Establishing a regular schedule can maintain student motivation during remote learning.
It can be a challenge to stay motivated with remote learning if you’re not used to it. Establishing a regular schedule for each weekday can both simulate the traditional school day and maintain your student’s motivation.
More broadly, families can avoid a weekday free for all by creating blocks of time devoted to specific subject matter or activities. For example, each day can begin by having students set-up their remote learning spaces and gather any needed materials. Afterward, students can check their school email or Google classroom accounts for any messages from their teacher. From there, each day can follow a regular schedule consisting of student work time, as well as periods set aside for lunch, exercise, and pleasure reading.
Ensure your daily schedule includes breaks in student learning.
It’s also vital to build breaks into your student’s day. Doing so can prevent burnout and allow your student to maintain his or her motivation throughout the day and the rest of the week. Schools don’t force students to work constantly, even under normal circumstances, and neither should your remote learning program. Stretch breaks, non-academic technology time, and social video conferencing can provide students with a respite from their academic commitments. Once finished, students can return to their school work feeling refreshed and ready to focus on the day’s assignments.
Allow students a degree of choice in how they choose to learn each day.
Rather than demanding overly prescriptive working styles or studying methods, families can allow students to choose the “how” of their learning process each day. For many students, sitting at a desk or kitchen table isn’t the most natural fit and ultimately decreases productivity, especially if surrounded by other household activities. Similarly, while some students might prefer reading about a particular topic, others may choose to watch a video, create a drawing that illustrates course content, or make flashcards as a means of reviewing their school material. Under challenging circumstances, pedagogical flexibility is key.
Have students teach one another or present their projects to family members.
Without a teacher or group of peers as their audience, some students may lose motivation to produce high-quality academic work. Under remote learning, the social bonds that formed much of a student’s schooling experience are often strained, modifying their education to an almost unrecognizable degree. To counter this, families can set aside time each day for students to present the day’s learning to their siblings or other family members. If there’s already a routine video conference with grandparents or a military family member, that may be an excellent time for a brief presentation.
Reversing the roles, and making the student a teacher in a remote setting institutionalizes the feedback students would normally receive from their teachers during the school day and creates an additional accountability mechanism for students who feel less inclined to complete their assignments while at home. Families can consider adding presentation time to the beginning or end of their student’s daily schedule. Use it to recap the previous day’s learning or share what students have learned by the end of the day. If you can use technology for such a presentation, students may be more likely to take up the mantle of presenter, because it’s fun.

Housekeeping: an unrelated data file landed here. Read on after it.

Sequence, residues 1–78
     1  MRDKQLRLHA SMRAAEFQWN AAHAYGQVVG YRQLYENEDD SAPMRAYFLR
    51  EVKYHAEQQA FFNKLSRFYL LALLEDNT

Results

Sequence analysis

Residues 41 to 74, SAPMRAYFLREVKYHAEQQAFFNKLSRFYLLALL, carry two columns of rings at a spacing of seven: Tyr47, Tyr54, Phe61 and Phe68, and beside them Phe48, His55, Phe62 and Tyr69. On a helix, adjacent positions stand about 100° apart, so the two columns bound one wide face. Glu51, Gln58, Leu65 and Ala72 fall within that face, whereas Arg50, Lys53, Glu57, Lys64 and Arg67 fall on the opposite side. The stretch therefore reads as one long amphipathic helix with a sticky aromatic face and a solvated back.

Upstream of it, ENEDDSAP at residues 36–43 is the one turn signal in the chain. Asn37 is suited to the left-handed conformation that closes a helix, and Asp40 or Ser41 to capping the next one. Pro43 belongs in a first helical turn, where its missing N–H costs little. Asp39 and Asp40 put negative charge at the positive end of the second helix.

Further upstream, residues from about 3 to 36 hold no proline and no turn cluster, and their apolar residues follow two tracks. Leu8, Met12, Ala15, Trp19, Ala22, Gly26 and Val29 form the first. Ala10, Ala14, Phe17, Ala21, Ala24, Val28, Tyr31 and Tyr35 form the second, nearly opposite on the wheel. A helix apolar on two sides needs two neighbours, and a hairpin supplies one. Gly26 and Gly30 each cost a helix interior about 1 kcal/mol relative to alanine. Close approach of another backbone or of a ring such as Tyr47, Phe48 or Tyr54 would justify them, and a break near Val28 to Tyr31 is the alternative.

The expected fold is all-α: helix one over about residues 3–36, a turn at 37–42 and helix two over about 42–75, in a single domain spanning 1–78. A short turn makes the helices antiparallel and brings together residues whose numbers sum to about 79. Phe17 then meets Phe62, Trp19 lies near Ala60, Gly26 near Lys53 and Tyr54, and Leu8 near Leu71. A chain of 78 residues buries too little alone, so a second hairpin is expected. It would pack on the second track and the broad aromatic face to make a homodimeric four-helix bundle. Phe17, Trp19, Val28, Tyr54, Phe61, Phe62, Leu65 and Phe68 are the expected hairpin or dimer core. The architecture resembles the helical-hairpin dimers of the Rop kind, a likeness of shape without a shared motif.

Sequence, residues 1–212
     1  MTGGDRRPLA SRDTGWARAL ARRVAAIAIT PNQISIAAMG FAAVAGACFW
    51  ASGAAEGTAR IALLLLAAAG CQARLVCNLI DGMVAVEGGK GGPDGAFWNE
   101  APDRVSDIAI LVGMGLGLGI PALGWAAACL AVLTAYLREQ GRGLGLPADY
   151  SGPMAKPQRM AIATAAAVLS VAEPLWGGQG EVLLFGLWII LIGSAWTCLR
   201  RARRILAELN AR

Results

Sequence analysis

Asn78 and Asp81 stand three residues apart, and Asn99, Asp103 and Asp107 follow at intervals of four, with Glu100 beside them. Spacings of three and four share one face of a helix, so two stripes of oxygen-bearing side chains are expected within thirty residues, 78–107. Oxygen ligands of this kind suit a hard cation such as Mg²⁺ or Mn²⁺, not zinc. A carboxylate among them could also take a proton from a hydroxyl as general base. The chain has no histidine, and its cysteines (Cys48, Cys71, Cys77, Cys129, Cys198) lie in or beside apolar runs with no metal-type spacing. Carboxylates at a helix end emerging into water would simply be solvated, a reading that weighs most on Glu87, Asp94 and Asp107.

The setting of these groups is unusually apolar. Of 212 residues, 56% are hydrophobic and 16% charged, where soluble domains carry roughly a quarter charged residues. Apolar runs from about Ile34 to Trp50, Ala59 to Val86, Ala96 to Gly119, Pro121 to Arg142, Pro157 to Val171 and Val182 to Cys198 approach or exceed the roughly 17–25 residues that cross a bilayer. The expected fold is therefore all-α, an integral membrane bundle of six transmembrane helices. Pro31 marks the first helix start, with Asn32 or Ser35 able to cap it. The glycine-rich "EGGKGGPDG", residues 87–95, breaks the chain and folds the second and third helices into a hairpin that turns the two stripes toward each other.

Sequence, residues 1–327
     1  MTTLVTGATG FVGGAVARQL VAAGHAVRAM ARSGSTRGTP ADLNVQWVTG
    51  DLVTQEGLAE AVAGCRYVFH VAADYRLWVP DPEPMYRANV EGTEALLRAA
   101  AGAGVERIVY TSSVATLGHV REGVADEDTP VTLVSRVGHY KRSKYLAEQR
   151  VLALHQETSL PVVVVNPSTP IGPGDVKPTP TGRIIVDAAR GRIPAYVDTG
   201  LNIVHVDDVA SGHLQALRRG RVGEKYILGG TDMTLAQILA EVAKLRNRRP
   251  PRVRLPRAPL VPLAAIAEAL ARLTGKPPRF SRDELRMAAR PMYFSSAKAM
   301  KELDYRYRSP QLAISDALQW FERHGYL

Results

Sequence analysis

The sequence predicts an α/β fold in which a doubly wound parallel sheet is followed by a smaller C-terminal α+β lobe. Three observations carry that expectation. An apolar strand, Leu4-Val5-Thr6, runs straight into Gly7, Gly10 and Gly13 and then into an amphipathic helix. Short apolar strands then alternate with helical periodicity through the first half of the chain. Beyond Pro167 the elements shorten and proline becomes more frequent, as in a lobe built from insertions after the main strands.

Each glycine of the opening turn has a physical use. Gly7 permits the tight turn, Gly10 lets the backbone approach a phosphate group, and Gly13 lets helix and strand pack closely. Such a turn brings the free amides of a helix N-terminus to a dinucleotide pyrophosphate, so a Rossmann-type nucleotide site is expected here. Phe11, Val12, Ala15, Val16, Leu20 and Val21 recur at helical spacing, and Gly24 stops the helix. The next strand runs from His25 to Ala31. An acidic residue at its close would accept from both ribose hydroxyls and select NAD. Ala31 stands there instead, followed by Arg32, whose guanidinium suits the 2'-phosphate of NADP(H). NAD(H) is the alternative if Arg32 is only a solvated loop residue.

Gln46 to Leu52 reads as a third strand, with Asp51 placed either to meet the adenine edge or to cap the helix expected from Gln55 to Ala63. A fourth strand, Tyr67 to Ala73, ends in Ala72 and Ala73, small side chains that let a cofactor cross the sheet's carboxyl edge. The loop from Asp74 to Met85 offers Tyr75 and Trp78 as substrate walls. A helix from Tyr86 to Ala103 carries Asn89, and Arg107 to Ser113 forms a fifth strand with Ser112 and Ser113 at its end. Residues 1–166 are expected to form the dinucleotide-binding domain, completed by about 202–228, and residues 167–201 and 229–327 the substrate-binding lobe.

Stay in contact with your child’s teachers and other school staff members.
Although remote instruction can often leave students feeling isolated, many schools still make their teachers and student support staff available for families with questions about classroom content or educational technology. If your student struggles to maintain motivation each day or simply becomes bored with his or her homeschooling routines, teachers can serve as a resource for families seeking to re-engage their students.
If a student becomes discouraged while working on a particular assignment or can’t seem to understand a given concept, families can also contact their child’s teacher to see what help or additional resources are available to support instruction. While it can be tempting for students to procrastinate or give up on a specific assignment during remote instruction, families can leverage their school community’s knowledge to ensure distance learning continues.
Familiarize yourself with your school’s technology—troubleshooting processes to maintain student motivation.
In addition to difficulties with course content, many students encounter technical difficulties that present roadblocks to effective instruction. The longer these issues linger, the less time students spend learning course content. By familiarizing themselves with their school’s technology troubleshooting process, families can quickly resolve technical difficulties and allow their students to continue learning.
These processes typically involve sending an email to a specific school staff member or filling out a survey whose responses flow to the school’s technology team. Having a clear plan in place to resolve technical issues before they arise can save valuable learning time and allow your student to remain on track with his or her studies, even remotely.
At CTS, we’ve supported dozens of schools in creating sustainable, effective remote learning processes that maximize instructional time and eliminate technical headaches. Contact us today to learn more about the technical support we provide, as well as the remote learning resources we’ve developed to support school communities across the country.